Plant on a Desk
It has been a while since I posted, and it felt good today to sit and experiment with crayon, gouache and colored pencils. This was my third pass at this small aloe vera plant and I am starting to catch its rhythm.
This week the assignment in our illustration class was to show a character in an underwater environment, using black ink and traditional pens. I had trouble thinking of a character and began several sketches only to abandon them when I did not like the outcomes. I found conveying water to be especially challenging.
This week I was coincidently reading about Frida Kahlo and got to wondering what her environment would have looked like if she had lived underwater. I am guessing it might have been something like this and that her self-portraits might have included fish, eels, and jellyfish. I am still not happy with the way I showed the water but this is as good as it gets this week.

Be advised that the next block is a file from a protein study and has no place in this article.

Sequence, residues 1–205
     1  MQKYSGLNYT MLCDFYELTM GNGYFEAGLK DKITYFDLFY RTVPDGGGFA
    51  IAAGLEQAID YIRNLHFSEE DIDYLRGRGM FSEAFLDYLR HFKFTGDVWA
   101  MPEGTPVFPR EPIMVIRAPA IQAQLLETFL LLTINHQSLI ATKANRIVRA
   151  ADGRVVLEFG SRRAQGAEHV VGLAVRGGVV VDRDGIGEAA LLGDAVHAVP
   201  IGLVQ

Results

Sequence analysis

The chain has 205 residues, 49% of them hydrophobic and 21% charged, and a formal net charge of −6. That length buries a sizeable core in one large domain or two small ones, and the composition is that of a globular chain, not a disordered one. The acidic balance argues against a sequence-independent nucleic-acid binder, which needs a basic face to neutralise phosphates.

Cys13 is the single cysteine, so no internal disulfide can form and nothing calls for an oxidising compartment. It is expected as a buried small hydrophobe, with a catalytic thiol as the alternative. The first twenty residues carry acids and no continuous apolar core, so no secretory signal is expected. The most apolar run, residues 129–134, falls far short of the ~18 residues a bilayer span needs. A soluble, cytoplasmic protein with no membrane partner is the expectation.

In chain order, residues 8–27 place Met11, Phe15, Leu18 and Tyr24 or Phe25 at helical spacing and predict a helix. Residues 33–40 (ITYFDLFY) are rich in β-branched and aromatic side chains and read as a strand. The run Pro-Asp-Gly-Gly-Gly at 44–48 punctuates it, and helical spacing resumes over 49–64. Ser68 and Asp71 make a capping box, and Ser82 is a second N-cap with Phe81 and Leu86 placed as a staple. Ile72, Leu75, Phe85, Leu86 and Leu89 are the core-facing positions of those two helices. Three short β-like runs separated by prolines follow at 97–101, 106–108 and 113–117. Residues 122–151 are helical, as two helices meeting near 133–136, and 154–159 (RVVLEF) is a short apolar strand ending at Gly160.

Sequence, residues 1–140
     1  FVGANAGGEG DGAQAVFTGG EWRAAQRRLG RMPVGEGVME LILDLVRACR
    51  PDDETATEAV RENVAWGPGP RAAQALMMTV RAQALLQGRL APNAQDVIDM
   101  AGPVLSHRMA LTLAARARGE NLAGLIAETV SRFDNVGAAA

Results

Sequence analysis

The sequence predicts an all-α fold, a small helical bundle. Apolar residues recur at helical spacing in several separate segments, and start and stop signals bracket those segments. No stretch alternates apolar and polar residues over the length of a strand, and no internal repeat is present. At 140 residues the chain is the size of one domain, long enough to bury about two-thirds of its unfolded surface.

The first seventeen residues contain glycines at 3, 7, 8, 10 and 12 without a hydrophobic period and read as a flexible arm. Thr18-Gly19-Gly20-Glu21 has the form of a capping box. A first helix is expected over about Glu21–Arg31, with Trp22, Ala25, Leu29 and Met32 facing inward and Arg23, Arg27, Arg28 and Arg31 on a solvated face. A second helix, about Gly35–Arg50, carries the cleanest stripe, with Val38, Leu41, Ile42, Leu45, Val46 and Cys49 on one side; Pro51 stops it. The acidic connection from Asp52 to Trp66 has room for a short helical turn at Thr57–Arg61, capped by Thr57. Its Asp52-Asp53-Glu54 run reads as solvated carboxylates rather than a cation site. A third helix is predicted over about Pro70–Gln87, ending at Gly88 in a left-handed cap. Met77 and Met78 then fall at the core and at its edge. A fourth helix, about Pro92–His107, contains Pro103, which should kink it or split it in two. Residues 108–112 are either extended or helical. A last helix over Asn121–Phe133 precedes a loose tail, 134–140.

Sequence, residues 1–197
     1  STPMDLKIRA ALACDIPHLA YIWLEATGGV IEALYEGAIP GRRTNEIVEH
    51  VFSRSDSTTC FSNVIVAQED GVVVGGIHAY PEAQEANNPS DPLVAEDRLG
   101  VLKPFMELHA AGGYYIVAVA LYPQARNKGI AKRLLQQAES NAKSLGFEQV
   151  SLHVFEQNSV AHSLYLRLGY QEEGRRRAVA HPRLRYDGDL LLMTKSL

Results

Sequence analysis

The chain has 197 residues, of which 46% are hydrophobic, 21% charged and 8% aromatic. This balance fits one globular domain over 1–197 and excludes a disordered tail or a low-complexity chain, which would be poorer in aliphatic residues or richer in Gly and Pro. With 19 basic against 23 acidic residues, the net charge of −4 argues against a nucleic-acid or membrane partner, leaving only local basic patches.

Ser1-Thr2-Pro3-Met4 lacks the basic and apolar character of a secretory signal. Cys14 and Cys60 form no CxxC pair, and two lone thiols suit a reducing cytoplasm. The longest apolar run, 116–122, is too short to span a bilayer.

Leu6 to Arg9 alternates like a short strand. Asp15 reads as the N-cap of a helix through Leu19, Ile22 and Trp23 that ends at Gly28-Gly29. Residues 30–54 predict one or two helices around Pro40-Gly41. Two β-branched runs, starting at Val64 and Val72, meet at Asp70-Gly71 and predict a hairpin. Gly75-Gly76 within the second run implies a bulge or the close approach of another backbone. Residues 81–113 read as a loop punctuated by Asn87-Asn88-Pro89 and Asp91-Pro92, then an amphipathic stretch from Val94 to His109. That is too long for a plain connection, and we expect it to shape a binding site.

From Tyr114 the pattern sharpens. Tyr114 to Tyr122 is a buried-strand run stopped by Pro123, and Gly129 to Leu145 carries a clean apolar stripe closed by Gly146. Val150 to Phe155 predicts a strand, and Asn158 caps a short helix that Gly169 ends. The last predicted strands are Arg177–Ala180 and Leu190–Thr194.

After seeing the work of the other students, I came home and added back some of the whites behind Frida on my sketch, using Procreate on my iPad.
Do They Like My Work?
I am taking a ten-week illustration course at a local university. Our first assignment was to select text from an unillustrated book and then to illustrate it using five types of pencil marks- hatching, crosshatching, scribbling, tick marks, and pressure marks.
I chose text from “Miss Potter,” by Richard Maltby, a fictionalized account of Beatrix Potter’s life. The scene has Beatrix sitting at a publishing house while two dour businessmen look over her work.
“Hmmm,” said Harold Warne
“Hmmm,” said his brother Fruing.
“Hmmph,” snorted Harold.
“Garrumph,” echoed Fruing, twitching his nose.
Arches and Shadows at Balboa Park